Democratic Progressive Party Legislator Lin Shu-fen (林淑芬) yesterday criticized the Taoyuan City Government’s leniency in dealing with the pollution from processing firm Yu Hung Technology (宇鴻科技) in nearby farms, which cover 122 hectares downstream of the now-defunct Shenmai Pond (滲眉埤).
The Council of Agriculture on Wednesday rejected a report by Chinese-language Next Magazine that said rice is once again being grown on farmland that was once irrigated by the former pond, an area where farming is prohibited.
The area spans about 97 hectares and could have provided 20 tonnes of contaminated rice, the report said.
Photo: Hsieh Wu-hsiung, Taipei Times
The council said that the farms cited by the magazine had not been irrigated with water from the former pond, but by water from a different source, adding that land on which farming is banned is checked every two months.
However, a survey by Lin and environmentalists that day found that the area polluted by Yu Hung likely includes not only land downstream of the pond, but upstream as well.
Video filmed by the lawmaker shows a 3-hectare rice paddy about 10m from Yu Hung’s facility, with rice stalks apparently ready to be harvested.
Photo: Chen Yun, Taipei Times
Measurements conducted by Tainan Community College researcher Chao Jui-kuang (晁瑞光) using an X-ray fluorescence spectrometer showed copper concentrations in the field of 2,313 parts per million (ppm) — 38.5 times the Environmental Protection Administration’s (EPA) safe limit of 60ppm.
The Yu Hung facility — operations at which Taoyuan Mayor Cheng Wen-tsan (鄭文燦) in June 2015 ordered suspended — remains in operation, with several fans and forklifts seen in use inside, Lin said, adding that a rancid smell of industrial waste was emanating from the building.
“Unpolluted farmland is the first line of defense to ensure food safety. We feel powerless against the Taoyuan City Government’s inaction,” Lin said.
It has been almost three years since Cheng, who took part in a demonstration against Yu Hung during his mayoral campaign, took office and designated the pond a pollution remediation site, but the municipal government has not pressed Yu Hung to clear the pollution it caused, which is “heartbreaking,” she said.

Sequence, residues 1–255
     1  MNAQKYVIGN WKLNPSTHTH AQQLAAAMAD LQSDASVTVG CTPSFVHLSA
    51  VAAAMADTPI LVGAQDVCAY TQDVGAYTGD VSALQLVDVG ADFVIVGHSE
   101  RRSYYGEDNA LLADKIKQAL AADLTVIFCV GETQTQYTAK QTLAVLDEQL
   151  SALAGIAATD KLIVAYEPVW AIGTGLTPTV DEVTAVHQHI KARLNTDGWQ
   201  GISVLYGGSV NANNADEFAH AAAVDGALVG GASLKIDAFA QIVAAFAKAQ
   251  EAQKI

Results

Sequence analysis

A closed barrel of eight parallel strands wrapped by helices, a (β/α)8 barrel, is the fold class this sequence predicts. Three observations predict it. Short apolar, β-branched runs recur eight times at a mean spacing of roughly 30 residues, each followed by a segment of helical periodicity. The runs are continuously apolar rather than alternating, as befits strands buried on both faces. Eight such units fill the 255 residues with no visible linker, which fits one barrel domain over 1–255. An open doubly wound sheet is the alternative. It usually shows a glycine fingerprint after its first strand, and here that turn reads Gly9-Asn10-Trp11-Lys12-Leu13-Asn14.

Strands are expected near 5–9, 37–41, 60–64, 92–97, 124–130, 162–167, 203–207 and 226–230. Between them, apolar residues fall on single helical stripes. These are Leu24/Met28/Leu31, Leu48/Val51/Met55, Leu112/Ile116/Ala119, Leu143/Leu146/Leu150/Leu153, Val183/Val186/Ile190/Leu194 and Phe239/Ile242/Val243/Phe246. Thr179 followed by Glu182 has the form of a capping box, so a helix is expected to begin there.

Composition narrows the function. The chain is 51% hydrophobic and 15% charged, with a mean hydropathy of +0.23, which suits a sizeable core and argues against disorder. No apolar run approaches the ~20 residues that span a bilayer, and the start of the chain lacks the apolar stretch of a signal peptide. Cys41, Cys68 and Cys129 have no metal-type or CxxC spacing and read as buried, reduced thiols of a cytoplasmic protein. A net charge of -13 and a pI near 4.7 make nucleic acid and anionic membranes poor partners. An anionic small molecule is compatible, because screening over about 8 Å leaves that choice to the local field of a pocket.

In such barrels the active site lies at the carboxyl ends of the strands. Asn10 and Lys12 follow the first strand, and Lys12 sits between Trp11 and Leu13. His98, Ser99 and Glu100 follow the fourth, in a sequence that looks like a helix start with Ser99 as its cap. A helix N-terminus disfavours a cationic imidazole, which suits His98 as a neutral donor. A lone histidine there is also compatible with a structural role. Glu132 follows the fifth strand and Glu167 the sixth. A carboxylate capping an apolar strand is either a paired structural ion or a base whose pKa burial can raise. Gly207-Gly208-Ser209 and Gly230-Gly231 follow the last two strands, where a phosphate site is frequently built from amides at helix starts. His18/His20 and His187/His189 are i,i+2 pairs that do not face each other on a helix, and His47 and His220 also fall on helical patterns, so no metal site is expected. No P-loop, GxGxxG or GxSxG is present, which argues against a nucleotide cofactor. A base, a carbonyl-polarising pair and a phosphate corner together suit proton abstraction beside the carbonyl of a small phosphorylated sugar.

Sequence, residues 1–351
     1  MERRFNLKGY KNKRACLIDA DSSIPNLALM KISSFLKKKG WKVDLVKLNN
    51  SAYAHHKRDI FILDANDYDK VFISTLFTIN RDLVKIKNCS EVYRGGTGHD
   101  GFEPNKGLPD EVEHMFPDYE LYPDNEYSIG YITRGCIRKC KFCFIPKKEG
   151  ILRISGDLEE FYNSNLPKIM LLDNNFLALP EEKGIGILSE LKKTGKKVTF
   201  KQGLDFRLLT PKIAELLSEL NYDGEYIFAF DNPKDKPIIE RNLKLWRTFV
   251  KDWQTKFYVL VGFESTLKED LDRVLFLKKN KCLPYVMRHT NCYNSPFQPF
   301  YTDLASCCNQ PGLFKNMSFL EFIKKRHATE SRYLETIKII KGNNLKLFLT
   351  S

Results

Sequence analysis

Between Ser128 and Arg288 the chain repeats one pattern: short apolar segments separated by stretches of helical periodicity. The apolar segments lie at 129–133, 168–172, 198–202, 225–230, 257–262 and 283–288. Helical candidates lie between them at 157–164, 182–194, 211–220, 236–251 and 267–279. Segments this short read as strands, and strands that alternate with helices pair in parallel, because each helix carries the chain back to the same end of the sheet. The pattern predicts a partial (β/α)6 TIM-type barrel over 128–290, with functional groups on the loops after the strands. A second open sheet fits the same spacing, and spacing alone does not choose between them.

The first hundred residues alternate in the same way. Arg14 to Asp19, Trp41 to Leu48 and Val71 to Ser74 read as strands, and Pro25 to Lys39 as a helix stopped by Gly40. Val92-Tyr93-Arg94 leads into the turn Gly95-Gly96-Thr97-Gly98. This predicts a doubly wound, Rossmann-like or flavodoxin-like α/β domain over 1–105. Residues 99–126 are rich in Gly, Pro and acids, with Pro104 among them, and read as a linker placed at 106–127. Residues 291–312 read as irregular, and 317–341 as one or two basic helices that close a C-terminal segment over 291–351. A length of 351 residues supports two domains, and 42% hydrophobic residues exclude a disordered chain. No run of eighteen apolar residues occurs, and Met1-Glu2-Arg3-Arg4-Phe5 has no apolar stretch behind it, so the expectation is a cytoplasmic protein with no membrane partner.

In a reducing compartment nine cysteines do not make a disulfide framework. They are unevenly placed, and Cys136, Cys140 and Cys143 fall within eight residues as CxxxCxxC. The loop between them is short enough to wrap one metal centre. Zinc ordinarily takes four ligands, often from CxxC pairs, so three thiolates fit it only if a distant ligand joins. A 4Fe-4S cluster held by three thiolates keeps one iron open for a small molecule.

She called on President Tsai Ing-wen’s (蔡英文) administration to allocate funds from the Forward-looking Infrastructure Development Program to build irrigation canals separate from factory wastewater outlet pipes, which are often mixed together, causing contamination to farms.
Veteran environmentalist Lin Chang-mao (林長茂) lambasted the city government for allowing cultivation on land allegedly polluted by Yu Hung, saying that it could not even determine the scope of the contaminated area.
As Yu Hung has been prosecuted for the pollution, the city government should have sequestered the firm’s assets to prevent it from transferring them elsewhere and made it pay compensation to affected farmers, he said.
A fire broke out in Yu Hung’s offices after its operations were suspended, which he suspected was the firm illegally burning potentially hazardous waste, Lin Chang-mao said, adding that prosecutors should launch an investigation to determine whether the company had secretly resumed operations.
EPA Soil and Groundwater Remediation Fund Executive Secretary Chen Shih-wei (陳世偉) said that a Taoyuan City Government survey of the area polluted by Yu Hung estimated that NT$970 million (US$32.1 million) would be needed to clear contaminants from the 122 hectares on behalf of Yu Hung in accordance with the Soil and Groundwater Pollution Remediation Act (土壤及地下水汙染整治法).
The city government later requested a subsidy of just NT$14 million from the EPA, which is to be used to remove contaminants in 12.19 hectares of soil around the pond, Chen Shih-wei said, adding that the municipal government submitted a pollution remediation plan about a week ago.
He said that he told the Taoyuan City Government that it could only use the subsidy on the condition that the money is later repaid by Yu Hung.
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